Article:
Saturday, September 27, 2014

Sixteenth Sunday after Pentecost

Exodus 17
The whole Israelite community set out from the Desert of Sin, traveling from place to place as the Lord commanded. They camped at Rephidim, but there was no water for the people to drink. 2 So they quarreled with Moses and said, “Give us water to drink.”
Moses replied, “Why do you quarrel with me? Why do you put the Lord to the test?”
3 But the people were thirsty for water there, and they grumbled against Moses. They said, “Why did you bring us up out of Egypt to make us and our children and livestock die of thirst?”
4 Then Moses cried out to the Lord, “What am I to do with these people? They are almost ready to stone me.”
5 The Lord answered Moses, “Go out in front of the people. Take with you some of the elders of Israel and take in your hand the staff with which you struck the Nile, and go. 6 I will stand there before you by the rock at Horeb. Strike the rock, and water will come out of it for the people to drink.” So Moses did this in the sight of the elders of Israel. 7 And he called the place Massah[a] and Meribah[b] because the Israelites quarreled and because they tested the Lord saying, “Is the Lord among us or not?”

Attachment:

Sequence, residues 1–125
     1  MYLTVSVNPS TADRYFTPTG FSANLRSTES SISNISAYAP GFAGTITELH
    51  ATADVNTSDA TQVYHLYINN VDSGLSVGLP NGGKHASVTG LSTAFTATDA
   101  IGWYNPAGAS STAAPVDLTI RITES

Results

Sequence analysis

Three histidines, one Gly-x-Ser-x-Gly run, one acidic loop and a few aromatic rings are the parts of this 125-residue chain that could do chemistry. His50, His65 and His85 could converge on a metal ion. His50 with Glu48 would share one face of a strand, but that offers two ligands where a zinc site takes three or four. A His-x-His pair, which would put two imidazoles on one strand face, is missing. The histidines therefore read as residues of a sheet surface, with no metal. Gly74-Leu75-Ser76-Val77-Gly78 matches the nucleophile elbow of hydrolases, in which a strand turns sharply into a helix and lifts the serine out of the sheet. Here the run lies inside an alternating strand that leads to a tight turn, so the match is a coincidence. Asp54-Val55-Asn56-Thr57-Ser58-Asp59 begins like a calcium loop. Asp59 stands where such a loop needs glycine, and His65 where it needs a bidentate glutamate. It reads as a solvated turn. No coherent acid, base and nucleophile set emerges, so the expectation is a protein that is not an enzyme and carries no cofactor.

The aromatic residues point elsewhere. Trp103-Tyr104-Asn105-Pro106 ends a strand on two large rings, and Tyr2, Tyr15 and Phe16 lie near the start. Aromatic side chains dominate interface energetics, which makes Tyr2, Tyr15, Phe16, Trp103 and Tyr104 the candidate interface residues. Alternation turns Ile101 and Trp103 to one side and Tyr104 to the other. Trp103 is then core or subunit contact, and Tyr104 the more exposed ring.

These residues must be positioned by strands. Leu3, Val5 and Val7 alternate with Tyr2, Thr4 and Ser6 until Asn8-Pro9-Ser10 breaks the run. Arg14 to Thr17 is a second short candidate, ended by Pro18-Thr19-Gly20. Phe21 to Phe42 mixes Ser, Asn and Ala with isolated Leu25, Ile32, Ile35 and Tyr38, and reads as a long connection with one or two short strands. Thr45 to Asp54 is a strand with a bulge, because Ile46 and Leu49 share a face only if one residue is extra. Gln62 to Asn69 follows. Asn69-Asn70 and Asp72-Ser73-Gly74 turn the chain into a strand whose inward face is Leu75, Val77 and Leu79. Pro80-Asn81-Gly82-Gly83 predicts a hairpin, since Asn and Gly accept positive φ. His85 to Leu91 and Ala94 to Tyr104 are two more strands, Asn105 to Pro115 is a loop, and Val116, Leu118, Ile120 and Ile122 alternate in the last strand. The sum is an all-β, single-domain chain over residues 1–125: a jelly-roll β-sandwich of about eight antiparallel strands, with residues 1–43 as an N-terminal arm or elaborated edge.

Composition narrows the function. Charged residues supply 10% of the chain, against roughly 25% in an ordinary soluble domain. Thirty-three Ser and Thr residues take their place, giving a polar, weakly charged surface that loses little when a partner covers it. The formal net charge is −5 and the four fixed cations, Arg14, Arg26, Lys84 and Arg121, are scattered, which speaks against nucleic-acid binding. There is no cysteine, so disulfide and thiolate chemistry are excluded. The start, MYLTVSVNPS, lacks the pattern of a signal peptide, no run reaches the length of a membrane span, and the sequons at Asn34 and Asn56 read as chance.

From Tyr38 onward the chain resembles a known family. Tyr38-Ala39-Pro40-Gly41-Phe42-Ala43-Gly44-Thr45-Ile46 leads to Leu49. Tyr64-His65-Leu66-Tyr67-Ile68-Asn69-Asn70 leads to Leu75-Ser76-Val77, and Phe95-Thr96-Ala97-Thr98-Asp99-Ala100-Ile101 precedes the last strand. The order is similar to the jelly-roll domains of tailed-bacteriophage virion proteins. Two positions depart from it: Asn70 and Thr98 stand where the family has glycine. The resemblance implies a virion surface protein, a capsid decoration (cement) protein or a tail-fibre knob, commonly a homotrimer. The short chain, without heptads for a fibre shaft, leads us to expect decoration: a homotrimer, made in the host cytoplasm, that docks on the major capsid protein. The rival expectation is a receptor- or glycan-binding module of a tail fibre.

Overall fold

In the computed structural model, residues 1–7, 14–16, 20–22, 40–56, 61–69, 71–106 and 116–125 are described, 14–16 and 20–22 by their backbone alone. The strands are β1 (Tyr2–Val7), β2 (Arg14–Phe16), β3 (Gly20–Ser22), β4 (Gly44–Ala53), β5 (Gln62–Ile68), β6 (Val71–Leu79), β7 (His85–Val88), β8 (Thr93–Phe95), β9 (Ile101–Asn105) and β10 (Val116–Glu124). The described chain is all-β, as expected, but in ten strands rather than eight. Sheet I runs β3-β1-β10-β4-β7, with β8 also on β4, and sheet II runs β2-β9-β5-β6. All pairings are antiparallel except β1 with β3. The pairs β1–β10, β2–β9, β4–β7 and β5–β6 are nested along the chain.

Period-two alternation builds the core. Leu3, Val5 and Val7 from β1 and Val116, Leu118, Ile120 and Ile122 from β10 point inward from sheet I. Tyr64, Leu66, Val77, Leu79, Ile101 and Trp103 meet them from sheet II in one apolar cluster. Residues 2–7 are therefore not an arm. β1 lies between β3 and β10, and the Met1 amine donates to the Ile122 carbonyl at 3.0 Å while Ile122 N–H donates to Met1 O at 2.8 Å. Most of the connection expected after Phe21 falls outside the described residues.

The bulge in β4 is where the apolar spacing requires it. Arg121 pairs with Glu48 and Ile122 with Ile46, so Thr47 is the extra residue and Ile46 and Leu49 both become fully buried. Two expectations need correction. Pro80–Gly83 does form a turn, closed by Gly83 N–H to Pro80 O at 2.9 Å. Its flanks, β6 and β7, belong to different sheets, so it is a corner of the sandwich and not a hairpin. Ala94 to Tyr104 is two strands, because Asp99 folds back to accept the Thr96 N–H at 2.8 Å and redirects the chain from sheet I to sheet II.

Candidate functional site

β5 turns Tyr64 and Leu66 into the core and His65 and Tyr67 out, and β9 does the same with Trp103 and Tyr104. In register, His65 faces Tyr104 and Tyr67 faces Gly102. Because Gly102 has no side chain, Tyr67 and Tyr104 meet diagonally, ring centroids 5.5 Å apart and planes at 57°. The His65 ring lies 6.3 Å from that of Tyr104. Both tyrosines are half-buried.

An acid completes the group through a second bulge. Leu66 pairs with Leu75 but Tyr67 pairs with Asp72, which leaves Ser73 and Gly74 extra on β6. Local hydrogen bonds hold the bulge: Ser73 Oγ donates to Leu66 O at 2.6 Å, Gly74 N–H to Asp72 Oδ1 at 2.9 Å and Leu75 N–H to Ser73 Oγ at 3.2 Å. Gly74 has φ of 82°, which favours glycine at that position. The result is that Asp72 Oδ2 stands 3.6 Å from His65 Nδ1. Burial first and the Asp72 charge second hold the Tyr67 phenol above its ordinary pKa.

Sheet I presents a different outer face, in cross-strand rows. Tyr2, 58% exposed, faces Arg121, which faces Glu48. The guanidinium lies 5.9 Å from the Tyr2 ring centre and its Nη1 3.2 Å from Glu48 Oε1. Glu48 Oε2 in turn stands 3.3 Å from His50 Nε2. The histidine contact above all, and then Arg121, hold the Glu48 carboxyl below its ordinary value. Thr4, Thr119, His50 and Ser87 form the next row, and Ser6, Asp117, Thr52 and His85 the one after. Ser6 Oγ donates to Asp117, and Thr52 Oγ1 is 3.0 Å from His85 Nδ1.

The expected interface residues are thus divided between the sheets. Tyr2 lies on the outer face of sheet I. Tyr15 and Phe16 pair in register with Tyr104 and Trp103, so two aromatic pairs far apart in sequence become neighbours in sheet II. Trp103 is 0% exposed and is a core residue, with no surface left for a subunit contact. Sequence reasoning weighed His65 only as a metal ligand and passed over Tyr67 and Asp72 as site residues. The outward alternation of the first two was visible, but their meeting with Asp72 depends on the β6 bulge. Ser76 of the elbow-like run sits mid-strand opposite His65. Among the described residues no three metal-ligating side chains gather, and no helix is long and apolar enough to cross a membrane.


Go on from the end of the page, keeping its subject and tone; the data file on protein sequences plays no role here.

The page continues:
Summer weather, two months too late.
The price of everything.
People who think they can drive.
Books with titles like Wheat Belly and Grain Brain.
People who fly to conferences to denounce people who fly to conferences.
The municipal election that never ends.
Adding the word “gate” to every scandal.
Paul Calandra.
Phones that bend in your pocket and the people who lined up for days to buy them.
Our new plastic money.
Offering me dark roast coffee instead of asking for my order.
That voice that says “the number you dialed is not a long distance number.”
The latest medical study that contradicts the last medical study.
Road work.
Verb phrases like “lean-in” and “drill-down” and anything that starts with “eco.”
Pets dressed as people and people dressed as pets.
And that guy with 51 turtles in his pants.

It seems I have a lot to complain about. You will notice I didn’t include presbytery, conference or any of my colleagues. You never know who reads these things online. I also deleted “mothers who complain I don’t call enough,” since she has spies everywhere (or can read online).

And I know I’m not alone. Complaining is as human as breathing, and when we’re not complaining we’re just as likely listening to complaints. Being a sentient being more-or-less demands complaining, since being dissatisfied means seeking change and improvement. In other words, complaining is nature’s way, as Darwin as walking on two feet, since before that, we complained we couldn’t reach anything.